Contractual time bars are common in both published and bespoke construction contracts in the Gulf. They are also controversial – there are regular debates about whether they are commercially justified and fair, and whether they are enforceable.
In the context of a construction contract, a time bar is a provision which expressly disqualifies any claim, whether for an extension of time or for additional cost, if that claim is not notified within a certain time.
They can be drafted in different ways but for this article, we’ll concentrate on the principle of a time bar and ask two questions.
• First: Are they fair? The common complaint is that they are just a tripwire placed in the contract to try to deny meritorious claims. The common defence is that they promote good practice, in forcing the contractor to put its claims on the table for early evaluation – and to give the owner a chance to make informed project management decisions.
Both the complaint and the defence are right, of course: Owners (and lenders), in my experience, don’t lose sleep over contractor claims being inadvertently lost by missing the time bar. Equally, it is also true that modern practice in contract administration does encourage claims to be determined (and any disputes resolved) as soon as practicable after they arose, and before they become over-layered with later actions and events. If a contract sets a time for submission of claims but doesn’t also set a consequence for failure to meet that time limit (that is, late submissions will still be recognised and administered), the inevitable consequence is that claims are held back, bundled together and are tabled as part of the tussle at final account.
What do the standard contracts say? Some common published contracts have time bars and some do not. Owners like to point out that Fidic main contracts (which remain the most influential forms in the Gulf region) have time bars – or at least they used to.
The First Edition Fidic contracts include a straightforward time bar: claims are required to be notified within 28 days of when the contractor became aware, or should have become aware, of the event or circumstances giving rise to it – and the claim shall be lost if this time limit is not met.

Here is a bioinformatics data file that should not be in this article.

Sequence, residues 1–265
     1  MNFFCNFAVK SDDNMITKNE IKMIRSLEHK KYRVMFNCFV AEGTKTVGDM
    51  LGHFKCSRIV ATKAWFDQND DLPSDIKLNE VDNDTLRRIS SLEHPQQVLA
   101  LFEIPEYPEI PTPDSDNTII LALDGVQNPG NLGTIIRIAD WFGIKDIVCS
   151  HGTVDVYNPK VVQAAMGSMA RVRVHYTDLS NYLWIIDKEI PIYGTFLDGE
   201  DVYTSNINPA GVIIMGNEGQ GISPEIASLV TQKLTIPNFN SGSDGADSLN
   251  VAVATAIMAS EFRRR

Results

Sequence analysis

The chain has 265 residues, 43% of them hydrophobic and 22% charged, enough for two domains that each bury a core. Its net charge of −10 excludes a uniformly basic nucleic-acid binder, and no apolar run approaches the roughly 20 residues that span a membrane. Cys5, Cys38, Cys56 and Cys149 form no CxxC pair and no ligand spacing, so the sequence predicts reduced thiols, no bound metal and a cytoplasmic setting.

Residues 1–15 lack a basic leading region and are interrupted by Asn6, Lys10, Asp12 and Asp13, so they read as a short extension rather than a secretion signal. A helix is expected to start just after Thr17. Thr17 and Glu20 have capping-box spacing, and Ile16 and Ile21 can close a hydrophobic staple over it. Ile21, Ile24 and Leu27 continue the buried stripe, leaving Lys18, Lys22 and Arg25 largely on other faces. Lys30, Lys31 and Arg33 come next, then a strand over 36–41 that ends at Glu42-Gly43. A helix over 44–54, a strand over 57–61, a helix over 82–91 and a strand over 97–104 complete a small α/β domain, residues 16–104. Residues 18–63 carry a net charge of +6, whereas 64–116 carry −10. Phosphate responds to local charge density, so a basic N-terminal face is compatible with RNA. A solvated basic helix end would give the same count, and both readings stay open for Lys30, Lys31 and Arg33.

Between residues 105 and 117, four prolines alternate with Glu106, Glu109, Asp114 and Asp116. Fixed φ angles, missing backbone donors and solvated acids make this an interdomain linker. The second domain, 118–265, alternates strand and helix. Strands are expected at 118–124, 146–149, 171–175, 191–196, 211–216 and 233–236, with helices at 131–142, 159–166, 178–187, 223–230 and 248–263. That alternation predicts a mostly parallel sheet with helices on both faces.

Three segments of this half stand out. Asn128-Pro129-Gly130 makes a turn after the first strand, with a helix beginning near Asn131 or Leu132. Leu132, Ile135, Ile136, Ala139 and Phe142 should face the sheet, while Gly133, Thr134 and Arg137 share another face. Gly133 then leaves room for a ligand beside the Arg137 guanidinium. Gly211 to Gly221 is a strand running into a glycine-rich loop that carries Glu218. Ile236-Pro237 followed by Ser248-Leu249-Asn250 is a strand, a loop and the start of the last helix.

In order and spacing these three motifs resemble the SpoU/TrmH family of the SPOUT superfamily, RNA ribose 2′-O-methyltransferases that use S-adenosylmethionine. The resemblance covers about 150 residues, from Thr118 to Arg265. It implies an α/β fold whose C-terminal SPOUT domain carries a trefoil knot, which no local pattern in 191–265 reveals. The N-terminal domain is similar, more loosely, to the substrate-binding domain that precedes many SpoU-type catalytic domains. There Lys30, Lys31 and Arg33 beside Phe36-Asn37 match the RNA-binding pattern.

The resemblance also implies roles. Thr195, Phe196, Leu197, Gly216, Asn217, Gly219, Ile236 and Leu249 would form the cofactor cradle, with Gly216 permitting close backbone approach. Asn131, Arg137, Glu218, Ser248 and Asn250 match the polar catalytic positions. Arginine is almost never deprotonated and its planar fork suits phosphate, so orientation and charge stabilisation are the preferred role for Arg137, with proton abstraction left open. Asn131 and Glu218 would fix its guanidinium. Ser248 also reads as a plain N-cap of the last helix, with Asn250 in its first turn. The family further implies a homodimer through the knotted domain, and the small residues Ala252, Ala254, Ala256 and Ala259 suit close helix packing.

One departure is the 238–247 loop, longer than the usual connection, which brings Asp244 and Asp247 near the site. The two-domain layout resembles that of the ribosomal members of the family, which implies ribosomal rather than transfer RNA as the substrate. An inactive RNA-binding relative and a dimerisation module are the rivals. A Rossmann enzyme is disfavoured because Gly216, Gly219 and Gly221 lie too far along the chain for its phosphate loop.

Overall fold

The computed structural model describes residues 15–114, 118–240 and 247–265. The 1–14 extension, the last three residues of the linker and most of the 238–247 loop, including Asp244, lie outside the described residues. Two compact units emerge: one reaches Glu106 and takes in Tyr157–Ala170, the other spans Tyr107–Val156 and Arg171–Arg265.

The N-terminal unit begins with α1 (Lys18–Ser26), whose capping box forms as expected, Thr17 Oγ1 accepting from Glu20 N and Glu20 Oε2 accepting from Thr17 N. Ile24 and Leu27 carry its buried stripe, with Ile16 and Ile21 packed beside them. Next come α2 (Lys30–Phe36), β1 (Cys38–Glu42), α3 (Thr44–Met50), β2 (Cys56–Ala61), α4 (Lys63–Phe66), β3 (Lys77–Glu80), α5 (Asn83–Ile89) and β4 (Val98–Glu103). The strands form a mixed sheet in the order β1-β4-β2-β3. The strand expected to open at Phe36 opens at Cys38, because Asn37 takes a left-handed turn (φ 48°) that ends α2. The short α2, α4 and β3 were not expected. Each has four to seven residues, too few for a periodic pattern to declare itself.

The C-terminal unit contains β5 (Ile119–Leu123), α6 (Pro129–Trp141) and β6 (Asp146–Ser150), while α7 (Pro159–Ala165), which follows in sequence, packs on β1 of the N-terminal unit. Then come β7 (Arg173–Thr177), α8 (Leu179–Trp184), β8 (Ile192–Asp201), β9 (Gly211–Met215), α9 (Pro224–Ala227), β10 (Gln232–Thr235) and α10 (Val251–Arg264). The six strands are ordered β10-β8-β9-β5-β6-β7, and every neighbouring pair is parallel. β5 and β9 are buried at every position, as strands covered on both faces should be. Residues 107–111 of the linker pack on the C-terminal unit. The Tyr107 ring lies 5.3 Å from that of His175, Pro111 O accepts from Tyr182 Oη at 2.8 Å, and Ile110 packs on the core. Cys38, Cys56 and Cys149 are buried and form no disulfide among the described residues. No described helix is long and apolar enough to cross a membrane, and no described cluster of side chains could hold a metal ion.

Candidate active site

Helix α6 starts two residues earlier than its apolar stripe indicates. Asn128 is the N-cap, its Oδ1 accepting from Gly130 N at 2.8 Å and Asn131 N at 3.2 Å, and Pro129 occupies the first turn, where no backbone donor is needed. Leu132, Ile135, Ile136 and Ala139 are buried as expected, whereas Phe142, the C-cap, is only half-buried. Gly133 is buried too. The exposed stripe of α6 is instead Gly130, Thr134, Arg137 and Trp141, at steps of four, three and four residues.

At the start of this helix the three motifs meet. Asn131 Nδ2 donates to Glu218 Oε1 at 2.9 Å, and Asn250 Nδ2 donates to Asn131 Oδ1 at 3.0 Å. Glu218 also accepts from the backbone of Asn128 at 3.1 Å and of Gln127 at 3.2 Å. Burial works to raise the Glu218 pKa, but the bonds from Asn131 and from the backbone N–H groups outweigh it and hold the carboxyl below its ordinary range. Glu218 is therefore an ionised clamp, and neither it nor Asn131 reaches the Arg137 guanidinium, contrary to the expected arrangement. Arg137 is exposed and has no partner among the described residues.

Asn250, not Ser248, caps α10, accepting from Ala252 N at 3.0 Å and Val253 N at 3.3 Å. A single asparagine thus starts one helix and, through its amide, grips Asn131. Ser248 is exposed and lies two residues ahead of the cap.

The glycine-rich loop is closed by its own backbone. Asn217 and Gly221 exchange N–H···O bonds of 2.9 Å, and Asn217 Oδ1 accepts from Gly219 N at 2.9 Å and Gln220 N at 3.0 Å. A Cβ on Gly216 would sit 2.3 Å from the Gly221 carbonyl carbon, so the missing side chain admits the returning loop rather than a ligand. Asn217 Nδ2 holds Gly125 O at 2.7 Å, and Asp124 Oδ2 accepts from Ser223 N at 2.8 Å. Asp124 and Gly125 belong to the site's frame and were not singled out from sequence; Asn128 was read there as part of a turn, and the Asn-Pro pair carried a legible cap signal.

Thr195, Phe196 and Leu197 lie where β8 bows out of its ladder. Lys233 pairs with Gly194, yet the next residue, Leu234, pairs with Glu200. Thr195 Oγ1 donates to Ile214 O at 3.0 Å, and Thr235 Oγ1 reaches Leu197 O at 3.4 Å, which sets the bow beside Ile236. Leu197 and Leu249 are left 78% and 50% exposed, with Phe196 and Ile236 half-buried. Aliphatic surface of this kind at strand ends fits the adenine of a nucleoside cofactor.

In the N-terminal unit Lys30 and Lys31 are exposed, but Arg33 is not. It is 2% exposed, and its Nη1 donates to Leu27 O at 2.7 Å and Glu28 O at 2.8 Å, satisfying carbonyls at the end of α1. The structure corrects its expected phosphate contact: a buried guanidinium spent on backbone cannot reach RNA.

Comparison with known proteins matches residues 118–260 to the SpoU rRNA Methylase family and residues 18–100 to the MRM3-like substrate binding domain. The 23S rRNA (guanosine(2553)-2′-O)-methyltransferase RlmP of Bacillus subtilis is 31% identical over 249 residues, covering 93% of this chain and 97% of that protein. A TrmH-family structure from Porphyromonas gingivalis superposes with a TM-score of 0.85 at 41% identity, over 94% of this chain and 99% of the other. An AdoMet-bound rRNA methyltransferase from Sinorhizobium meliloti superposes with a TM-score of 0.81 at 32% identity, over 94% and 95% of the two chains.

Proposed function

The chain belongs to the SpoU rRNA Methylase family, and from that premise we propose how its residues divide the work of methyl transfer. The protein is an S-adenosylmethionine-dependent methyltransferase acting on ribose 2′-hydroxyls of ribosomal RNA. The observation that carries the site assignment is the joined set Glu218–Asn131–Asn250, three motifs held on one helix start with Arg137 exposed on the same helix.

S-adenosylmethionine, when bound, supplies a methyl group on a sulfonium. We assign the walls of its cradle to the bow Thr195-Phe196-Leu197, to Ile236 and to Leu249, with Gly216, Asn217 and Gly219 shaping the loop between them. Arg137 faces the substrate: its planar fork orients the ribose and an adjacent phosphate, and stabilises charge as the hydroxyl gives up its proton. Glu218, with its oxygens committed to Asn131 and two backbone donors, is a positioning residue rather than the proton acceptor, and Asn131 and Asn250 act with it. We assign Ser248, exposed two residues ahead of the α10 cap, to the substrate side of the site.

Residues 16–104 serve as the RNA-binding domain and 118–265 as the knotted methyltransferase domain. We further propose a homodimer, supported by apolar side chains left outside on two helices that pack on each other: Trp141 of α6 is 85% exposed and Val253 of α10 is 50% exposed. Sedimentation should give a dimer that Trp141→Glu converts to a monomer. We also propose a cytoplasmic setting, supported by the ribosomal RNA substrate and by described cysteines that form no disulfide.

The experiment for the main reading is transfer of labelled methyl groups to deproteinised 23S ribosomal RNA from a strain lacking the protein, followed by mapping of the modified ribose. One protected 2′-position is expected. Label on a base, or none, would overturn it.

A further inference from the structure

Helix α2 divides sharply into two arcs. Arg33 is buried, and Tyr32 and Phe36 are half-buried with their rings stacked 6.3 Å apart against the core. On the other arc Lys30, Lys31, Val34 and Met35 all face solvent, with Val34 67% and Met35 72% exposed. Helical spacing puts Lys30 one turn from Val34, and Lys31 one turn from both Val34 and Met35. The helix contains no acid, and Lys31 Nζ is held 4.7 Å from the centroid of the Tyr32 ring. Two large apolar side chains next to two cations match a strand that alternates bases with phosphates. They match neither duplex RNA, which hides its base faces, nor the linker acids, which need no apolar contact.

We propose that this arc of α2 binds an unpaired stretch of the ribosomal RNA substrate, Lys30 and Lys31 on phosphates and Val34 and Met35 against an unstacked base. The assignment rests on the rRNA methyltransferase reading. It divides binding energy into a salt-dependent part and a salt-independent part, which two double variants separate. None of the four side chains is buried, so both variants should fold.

But the Second Edition forms are significantly different. There is still a time bar but if a claim is notified late, the engineer (or owner) must notify the claiming party (the process applies to claims from either party) of this fact within 14 days of the original notification – and if the engineer/owner fails to give that notice in time, the original claim is deemed to have been given in time. BUT the other party may still give a notice stating that the claiming party’s notice should not be deemed valid.
I cannot see the logic to all this. Instead of deciding on a binary question (Should the claims timescale be a time bar?) we have a strange hybrid that adds a layer of potential dispute, about the validity of the original notice.
Whatever your view on these provisions, it is clear that Fidic no longer provides for a simple time bar.
• Second question: Are they enforceable? The obvious potential weak point is that a time bar can operate to deny meritorious claims. Where such claims arise from owner breach, this leaves the owner benefiting (in taking delay liquidated damages) from its own breach of the contract. So contractors have argued that time bars fall foul of the “prevention principle”.
English Courts, however, have upheld the enforceability of time bars so long as they are properly drafted as a condition precedent to entitlement. That is, to state clearly:
1. The contractor’s timed obligations in submitting the claim (so think about when that time commences, the format and content of the notice etc.); and
2. That the consequence of failing to meet those obligations, on time, means the entitlement is lost.
The position in Gulf jurisdictions is potentially different – due to legal principles we have looked at before. These principles might operate on time bars in two important ways: to regulate the good conduct of parties; and to remove unfairness or prejudice in the outcomes of contract operation. As examples, from the UAE Civil Code:
Article 106(1) states that a party shall be held liable for an unlawful exercise of its rights – and under Article 106(2), that exercise will be unlawful if the interest sought is disproportionate to the harm suffered by others.
Article 246(1) requires that a contract is performed in accordance with its contents and in a manner consistent with the requirements of good faith.
Parties can argue, of course, about whether the benefit to the owner in invoking a time bar, is disproportionate to the harm to the contractor (are they not logically equal?) or whether invoking any agreed provision can be judged to be badly motivated.
Both parties should approach this issue with their eyes open and with good advice.
* Stuart Jordan is a partner in the Global Projects group of Baker Botts, a leading international law firm. Jordan’s practice focuses on the oil, gas, power, transport, petrochemical, nuclear and construction industries. He has extensive experience in the Middle East, Russia and the UK.